The nature of various types of urban growth and change and the consequences for municipal consumption requires studying cities and propose policies towards a more sustainable planning of cities.This involves a spatially comprehensive and temporally broad physical accounting of resource consumption of a variety of urban centers. Material flows dynamic stock modeling is used to analyze the industrial metabolism dynamics, namely the complex interaction between resource use and waste production and recovery, in order to contribute for the definition of more integrated and sustainable resource management policies.
This research area couples emerging methods for assessing and tracking the resource consumption of cities with strategies for implementing design and planning recommendations for communities.
Research examines the potential for applying to the design and planning of cities a variety of strategies that have emerged from the field of Industrial Ecology. Through current work in tracking the material and energy flows devoted to urban centers, this study identifies networks for symbiotic resource exchanges and productive reconfigurations of primary elements of urban form and infrastructure for sustainable city planning.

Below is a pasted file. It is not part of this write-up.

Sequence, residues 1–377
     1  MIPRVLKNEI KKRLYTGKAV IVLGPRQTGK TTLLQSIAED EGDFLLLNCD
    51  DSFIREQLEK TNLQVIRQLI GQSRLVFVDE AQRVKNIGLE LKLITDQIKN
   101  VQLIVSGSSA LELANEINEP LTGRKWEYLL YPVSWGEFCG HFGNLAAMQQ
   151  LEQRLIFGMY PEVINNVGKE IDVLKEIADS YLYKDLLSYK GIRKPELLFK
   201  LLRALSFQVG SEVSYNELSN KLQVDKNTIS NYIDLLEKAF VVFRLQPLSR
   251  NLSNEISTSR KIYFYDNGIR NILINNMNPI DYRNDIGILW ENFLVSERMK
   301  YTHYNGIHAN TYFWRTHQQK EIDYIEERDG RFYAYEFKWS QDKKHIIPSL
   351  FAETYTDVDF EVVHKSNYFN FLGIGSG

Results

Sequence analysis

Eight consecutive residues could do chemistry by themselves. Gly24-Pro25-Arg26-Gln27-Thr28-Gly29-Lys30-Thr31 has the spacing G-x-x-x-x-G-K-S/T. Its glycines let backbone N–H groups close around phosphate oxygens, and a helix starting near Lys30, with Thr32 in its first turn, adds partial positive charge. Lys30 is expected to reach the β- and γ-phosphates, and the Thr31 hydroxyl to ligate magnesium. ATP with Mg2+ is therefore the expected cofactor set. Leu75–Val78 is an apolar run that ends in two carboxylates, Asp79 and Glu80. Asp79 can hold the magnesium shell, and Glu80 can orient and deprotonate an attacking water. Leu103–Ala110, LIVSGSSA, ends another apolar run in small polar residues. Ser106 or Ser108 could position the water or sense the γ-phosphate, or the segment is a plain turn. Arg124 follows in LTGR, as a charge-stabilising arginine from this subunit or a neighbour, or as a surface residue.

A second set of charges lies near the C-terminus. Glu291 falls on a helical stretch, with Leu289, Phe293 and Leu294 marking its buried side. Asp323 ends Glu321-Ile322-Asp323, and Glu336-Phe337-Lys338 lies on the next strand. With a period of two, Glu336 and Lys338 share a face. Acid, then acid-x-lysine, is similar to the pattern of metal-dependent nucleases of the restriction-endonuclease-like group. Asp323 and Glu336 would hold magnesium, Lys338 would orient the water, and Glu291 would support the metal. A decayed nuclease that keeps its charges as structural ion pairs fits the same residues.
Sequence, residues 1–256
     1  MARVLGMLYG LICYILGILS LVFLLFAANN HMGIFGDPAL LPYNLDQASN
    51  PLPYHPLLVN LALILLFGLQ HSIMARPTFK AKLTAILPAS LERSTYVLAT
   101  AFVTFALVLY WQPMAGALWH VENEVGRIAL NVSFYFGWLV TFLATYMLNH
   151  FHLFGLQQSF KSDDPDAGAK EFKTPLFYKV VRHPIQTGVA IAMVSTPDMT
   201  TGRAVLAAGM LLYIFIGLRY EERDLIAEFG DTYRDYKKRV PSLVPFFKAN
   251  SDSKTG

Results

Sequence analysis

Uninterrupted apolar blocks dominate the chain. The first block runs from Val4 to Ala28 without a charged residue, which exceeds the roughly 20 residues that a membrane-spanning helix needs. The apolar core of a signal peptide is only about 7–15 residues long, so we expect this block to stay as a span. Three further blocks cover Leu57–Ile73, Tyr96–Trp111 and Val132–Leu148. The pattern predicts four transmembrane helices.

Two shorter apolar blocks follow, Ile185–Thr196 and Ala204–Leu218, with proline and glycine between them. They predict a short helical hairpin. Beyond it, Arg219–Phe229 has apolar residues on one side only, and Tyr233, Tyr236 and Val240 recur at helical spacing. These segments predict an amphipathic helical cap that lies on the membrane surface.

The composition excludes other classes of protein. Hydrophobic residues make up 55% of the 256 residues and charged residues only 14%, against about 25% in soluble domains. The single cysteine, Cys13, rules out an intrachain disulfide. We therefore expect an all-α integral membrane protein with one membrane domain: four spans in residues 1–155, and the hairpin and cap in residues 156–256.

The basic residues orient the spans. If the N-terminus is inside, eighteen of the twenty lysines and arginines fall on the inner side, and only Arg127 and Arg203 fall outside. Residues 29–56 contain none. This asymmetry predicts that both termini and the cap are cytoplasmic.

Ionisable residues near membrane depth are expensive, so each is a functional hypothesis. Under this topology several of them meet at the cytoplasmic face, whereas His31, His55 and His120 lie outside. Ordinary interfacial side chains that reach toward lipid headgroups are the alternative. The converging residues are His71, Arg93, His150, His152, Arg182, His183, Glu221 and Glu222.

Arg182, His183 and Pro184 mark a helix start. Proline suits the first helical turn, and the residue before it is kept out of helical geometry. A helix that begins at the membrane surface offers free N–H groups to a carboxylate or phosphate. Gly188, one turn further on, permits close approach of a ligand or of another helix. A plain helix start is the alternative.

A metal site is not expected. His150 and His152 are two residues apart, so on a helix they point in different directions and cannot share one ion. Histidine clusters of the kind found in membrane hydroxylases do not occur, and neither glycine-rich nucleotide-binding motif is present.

Specifically, research has been dedicated to:
– Industrial simbiosys in urban areas;
– Assessing the viability of supply driven strategies for resources at the urban level (e.g. rainwater harvesting, rooftop greenhouses, microgeneration);
– Energy efficiency of the built environment;
– Smartsensing in buildings.